Press "Enter" to skip to content

Opinion | We need to audit our bots to avoid loss of integrity

Robotic process automation (RPA), also known as software robot or bot, mimics human actions and can help an organization automate manual iterative tasks. Regulatory reporting dashboards, credit control validations, customer complaint interfaces are all good use-cases for deployment of bots. While bots help an organization/function to deliver its services faster, better and cheaper, they may also expose the organization to the risk of inaccurate or erroneous processing.

You do not want a bot to push false alarms to business partners, you do not want customer complaints to be pushed to wrong agents, you do not expect inaccurate credit score processing, etc. While it’s important to leverage the benefits of automation, it’s equally important to manage the risk of deploying this technology in your organization.

Bot auditing is critical to ensure an organization has a measured approach to development of bots. An organization should build “security by design” in its development framework. While an organization audits its bots, emphasis should be given to coverage of business process controls in robotics environment (SoX / ICoFR controls), compliance with regulatory requirements (e.g. data privacy standards, PCI DSS), cybersecurity controls, incident/failover controls and multiple other areas.

It is important to note that a bot environment may have specific controls as part of its implementation. Hence, it is expected that an organization brings relevant specific changes to its control environment.

Threat Surface

In order to determine the risk of a bot, it is important to identify and analyse the threat surface of the bot. The overall threat surface of a bot can be classified into three categories:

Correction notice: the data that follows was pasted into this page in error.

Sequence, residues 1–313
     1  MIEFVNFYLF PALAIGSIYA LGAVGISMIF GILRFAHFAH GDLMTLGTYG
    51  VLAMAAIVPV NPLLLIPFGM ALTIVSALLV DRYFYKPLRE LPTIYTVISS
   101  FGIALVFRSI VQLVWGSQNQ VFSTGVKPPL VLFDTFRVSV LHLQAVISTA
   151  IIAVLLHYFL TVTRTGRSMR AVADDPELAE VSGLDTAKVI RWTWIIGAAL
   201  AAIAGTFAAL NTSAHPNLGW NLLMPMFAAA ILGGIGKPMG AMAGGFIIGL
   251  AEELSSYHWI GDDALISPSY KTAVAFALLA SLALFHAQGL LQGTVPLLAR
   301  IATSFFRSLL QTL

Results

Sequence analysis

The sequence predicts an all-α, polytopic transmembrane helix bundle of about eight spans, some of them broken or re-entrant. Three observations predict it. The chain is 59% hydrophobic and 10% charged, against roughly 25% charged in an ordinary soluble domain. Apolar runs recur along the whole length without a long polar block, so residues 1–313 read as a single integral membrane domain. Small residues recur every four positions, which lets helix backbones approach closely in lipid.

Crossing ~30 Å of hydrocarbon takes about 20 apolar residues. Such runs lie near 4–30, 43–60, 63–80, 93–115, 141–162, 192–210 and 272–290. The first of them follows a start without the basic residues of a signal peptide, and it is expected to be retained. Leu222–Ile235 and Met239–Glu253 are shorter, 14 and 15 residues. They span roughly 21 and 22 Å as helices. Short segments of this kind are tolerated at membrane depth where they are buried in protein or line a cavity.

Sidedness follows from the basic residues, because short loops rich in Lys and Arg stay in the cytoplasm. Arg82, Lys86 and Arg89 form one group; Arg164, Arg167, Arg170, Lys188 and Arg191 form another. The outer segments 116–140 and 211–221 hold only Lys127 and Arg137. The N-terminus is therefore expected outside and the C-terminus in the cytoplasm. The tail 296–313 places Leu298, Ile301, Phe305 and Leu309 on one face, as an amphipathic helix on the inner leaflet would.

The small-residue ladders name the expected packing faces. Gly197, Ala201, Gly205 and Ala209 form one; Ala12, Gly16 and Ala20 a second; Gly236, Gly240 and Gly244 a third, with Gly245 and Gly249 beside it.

Bot vulnerabilities: Bots like any other application will have vulnerabilities which the external attackers will try to exploit. These vulnerabilities will be identified during the vulnerability assessments and application security testing performed by a firm.

Bot abuse: Bot does not have either the intent or the free will to perform a fraudulent transaction. However, a bot can be abused/manipulated/trained by the bot owner (or any other malicious insider with access) to perform fraudulent transactions or leak confidential data.

Bot mutation: A bot is designed to perform a fixed sequence of tasks required to complete the process. However, in real life there might be certain contingencies which may cause the bot to perform the transaction partially or incorrectly leading to loss of integrity. This risk significantly increases for intelligent automations involving ML, natural language processing, etc.

At the end of the day, bot is a software that mimics human actions. Hence, there is a tendency to treat it like any other application. However, treating a bot like an application will only help you to identify bot vulnerabilities and not how the bot can be manipulated or malfunction under certain circumstances.

Thus, risk assessment of a bot requires a multiskilled team which consists of RPA technical architects, business analysts along with cybersecurity professionals. Without a holistic approach to RPA risk assessment, one may just end up scratching the surface.

Rohit Mahajan is president (risk advisory) at Deloitte India.

Source: Livemint